The Best Treatment Begins With a Precise Diagnosis

December 10, 2011

In their excellent book about health care reform entitled “The Innovator’s Prescription”, Christiansen, et al provide some very practical insight into the challenge of diagnosing and treating low back and neck pain. The authors describe three sequential eras or phases of medicine: Intuitive, Empirical, and Precision medicine.

Three Eras of Medicine

Intuitive Medicine involves highly trained professionals who solve medical problems using intuitive experimentation. They primarily select their treatment based on their own personal experience and that of their mentors.

We move into an Empirical Medicine era when we start to collect data, especially from randomized clinical trials that typically focus on how best to treat the average patient with a particular symptom. Today’s academics, clinical leaders, and policymakers strive to bring clinicians out of the Intuitive phase into what is felt to be this much superior Evidence-Based era.

However, it is in the Precision Medicine era where diseases are diagnosed much more precisely. These authors define “a precision diagnosis” in a very specific way: one that identifies a predictably effective, standardized treatment that addresses the cause of the problem and not just the symptom. Notice that this definition does not require a patho-anatomic diagnosis be made.

Limitations of a Patho-Anatomic Diagnosis

But seeking a patho-anatomic diagnosis for low back and neck pain is the priority for most clinicians, but one can be made for only 15% of patients. However, even when one can make a precise anatomic diagnosis, i.e. a painful herniated disc, it still falls short of Christiansen’s definition for precision because the treatment for a herniated disc is far from standardized since some require surgery while others do not.  There is great variation in the number of treatments prescribed, again depending on who you see, with most not producing predictably good outcomes.

Meanwhile, in the 85% in whom we are unable to make an anatomic diagnosis, the key question becomes: can we somehow still find a way to directly address and correct the underlying cause?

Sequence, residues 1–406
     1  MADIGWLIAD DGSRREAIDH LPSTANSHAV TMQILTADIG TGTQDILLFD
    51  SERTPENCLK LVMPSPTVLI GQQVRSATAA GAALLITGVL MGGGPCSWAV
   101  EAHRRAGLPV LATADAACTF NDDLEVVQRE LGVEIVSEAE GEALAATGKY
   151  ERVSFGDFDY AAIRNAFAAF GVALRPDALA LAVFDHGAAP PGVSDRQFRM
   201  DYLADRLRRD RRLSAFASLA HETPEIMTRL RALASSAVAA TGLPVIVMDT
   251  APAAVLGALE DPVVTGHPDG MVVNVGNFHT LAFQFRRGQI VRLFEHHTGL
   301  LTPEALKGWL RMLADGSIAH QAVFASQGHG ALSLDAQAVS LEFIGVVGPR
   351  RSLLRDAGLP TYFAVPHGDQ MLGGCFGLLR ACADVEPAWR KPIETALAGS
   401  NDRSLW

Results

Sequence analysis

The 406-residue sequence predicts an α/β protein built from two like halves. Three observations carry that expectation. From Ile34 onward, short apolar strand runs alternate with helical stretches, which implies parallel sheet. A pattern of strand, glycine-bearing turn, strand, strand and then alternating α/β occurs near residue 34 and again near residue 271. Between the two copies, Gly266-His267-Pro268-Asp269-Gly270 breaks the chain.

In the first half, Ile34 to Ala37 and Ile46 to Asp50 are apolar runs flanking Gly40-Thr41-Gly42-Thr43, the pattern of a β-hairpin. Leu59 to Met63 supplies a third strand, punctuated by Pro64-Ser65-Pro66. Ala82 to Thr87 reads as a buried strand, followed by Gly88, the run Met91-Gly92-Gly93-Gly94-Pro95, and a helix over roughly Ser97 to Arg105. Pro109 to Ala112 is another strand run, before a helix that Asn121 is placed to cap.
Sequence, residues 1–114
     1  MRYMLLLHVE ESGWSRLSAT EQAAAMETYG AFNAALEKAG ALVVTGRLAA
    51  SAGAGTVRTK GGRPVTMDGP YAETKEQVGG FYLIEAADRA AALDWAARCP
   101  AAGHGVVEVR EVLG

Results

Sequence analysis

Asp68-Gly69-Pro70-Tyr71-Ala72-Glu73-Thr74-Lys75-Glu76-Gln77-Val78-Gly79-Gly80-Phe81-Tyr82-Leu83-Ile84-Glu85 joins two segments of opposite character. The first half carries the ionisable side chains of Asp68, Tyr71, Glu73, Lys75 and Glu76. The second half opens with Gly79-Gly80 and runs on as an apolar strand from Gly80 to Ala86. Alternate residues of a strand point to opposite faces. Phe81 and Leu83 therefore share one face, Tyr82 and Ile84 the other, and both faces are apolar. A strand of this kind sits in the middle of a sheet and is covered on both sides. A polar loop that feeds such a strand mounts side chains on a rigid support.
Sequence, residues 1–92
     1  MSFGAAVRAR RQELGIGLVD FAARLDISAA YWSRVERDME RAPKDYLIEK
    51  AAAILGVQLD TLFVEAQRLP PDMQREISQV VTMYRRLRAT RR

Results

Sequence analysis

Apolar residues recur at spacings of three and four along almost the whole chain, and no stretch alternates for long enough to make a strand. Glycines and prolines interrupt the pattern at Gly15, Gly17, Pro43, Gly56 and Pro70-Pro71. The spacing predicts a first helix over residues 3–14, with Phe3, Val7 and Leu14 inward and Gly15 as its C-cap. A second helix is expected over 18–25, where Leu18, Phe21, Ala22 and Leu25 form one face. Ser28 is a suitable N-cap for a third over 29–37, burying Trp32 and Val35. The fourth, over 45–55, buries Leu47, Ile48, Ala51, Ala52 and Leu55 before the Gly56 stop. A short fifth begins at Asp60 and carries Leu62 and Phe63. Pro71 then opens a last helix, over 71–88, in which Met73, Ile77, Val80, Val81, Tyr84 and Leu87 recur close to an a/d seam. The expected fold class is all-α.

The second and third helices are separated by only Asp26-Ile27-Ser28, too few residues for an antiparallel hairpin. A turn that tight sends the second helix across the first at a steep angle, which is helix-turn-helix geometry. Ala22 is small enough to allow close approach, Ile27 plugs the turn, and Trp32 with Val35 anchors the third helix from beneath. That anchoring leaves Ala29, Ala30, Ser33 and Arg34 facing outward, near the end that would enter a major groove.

Moving Into the “Precision Diagnosis” Era in Spine Care

Yes!  We can be precise in our diagnosis in most cases…..if we appreciate the high value of making a quality mechanical diagnosis.  That is exactly what has happened over the past 30 years, thanks to the work of Robin McKenzie, a physical therapist from New Zealand. Using his methods of clinical assessment, we can mechanically characterize the underlying pain source that provides a “mechanical diagnosis” which usually has a very specific, standardized treatment. Using these methods, many studies document predictably effective treatment of the underlying cause, without needing to know its anatomic identity.

This form of care is called Mechanical Diagnosis & Therapy.  To learn more about it, go to and also read my other blog posts (scroll down).


4 Responses to “The Best Treatment Begins With a Precise Diagnosis”

  1. […] to the existence of low-cost, low-price technologies provide important background for one such low-cost diagnostic technology and innovation that is transforming how back and neck pain patients are evaluated, diagnosed, and treated. Instead […]

  2. […] key to producing these benefits is better diagnostics, specifically by reliably identifying valid subgroups for which there are standardized, predictably […]

  3. […] LBP subgroups, most based on clusters of clinical findings. One with considerable support is the “derangement” subgroup in whom “pain centralization” and a “directional preference” are reliably elicited during a […]

  4. […] would LBP be any different? The prime example are those who are found to have a directional preference. Their pain centralizes and abolishes and recovery is typically fairly fast and quite predictable, […]

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